Cuba and repeated power outages… no light at the end of the tunnel

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Power outages in communist-ruled Cuba – a country that already suffers severe shortages of food, fuel and medicine – have touched a political nerve and are widely credited with sparking the July 2021 anti-government protests, the largest ever. since the revolution of former President Fidel Castro in 1959.

Last Tuesday, the island experienced its third major power outage in just over a week. It stretched 700 km from Cienfuegos province in south-central Cuba to Guantanamo on the southeastern tip of the country, leaving more than half of the country’s 11 million people without electricity. Isolated power cuts were also reported in the capital, Havana.

Cuban officials blame fuel shortages, lack of maintenance and difficulties in processing Cuban heavy crude oil, which is also flared in power plants, for affecting power generation. These problems, they say, have been exacerbated by the Cold War-era US embargo on Cuba, which makes it more difficult to finance and purchase parts, fuel and capital investments.

But it is rather President Díaz Canel, his erroneous economic policy and the insistence on a failed ideological rooting that requires efforts from the people by appealing to the worn-out slogans of the time of Fidel Castro – without really listening to the demands of the people Cuban-, who bury every day the last vestiges of the Cuban communist utopia.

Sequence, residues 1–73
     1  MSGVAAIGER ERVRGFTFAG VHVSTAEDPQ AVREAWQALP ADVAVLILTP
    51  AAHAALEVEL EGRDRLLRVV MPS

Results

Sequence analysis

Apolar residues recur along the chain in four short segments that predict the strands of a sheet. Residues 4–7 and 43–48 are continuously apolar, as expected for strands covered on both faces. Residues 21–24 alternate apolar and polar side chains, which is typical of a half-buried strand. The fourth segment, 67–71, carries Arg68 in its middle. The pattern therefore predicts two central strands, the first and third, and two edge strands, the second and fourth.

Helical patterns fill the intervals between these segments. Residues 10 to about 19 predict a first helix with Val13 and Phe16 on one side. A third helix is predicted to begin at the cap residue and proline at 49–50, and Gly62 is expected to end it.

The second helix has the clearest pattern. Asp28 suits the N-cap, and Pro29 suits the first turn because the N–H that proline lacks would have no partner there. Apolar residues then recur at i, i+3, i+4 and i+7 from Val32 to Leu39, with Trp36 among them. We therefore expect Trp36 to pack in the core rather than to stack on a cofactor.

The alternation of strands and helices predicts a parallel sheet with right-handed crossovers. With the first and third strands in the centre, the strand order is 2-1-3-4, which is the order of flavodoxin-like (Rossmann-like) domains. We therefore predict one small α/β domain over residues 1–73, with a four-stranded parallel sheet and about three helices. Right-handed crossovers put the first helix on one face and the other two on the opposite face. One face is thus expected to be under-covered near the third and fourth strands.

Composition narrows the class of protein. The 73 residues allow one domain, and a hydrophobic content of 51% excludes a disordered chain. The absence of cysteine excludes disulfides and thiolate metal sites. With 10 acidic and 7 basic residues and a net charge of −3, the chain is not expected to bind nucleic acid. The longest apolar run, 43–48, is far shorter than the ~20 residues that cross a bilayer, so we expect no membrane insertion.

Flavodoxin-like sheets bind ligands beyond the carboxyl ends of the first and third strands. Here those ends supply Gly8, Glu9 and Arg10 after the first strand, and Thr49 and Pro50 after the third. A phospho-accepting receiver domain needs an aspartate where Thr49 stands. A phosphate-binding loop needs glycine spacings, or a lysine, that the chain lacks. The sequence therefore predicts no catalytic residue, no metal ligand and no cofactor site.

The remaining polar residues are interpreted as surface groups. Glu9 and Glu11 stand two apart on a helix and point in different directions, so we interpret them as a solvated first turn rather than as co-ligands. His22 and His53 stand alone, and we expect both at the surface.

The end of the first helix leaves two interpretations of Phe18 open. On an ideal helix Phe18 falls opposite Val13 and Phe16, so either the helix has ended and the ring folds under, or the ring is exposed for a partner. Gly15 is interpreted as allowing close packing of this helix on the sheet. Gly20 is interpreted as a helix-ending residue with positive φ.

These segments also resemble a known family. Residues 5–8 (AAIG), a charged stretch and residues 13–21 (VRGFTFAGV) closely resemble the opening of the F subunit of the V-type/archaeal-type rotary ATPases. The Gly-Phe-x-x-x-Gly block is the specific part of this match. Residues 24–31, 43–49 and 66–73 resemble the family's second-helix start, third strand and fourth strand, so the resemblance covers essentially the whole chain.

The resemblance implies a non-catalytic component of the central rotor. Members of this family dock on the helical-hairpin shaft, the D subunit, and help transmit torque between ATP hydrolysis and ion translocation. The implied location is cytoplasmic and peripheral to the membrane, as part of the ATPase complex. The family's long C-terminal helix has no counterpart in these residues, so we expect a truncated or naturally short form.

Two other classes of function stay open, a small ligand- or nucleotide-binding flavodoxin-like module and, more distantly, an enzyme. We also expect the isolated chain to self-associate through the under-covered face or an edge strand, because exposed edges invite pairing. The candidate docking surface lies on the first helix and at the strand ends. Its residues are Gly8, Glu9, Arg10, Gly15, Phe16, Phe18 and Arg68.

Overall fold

According to the analyzes of most specialists, the only effective solution begins, at the national level, by restoring a balance of priorities, abandoning ideology and favoring the well-being of populations, freeing national private initiative and setting up a more favorable tax model for the Cuban private entrepreneur.

In the meantime, this long-lasting short circuit triggers spontaneous demonstrations – always strongly repressed – against the backdrop of the complex economic situation of the island, due exclusively to the policy of diverting the bulk of the income that Cuba has obtained for decades to finance the plans for the ideological expansion of Castroism in Latin America, Africa, Asia, the Middle East and among the pro-Cuban revolution political elites in the developed countries of Europe (e.g. the “comrade » Mélenchon) and the United States.

For Castroism, the development of the country was never a priority and was always subject to the triumph and ideological expansion of the Revolution. In a country of darkness, the acknowledgment of failure is more and more flagrant…

Catherine Mills Avatar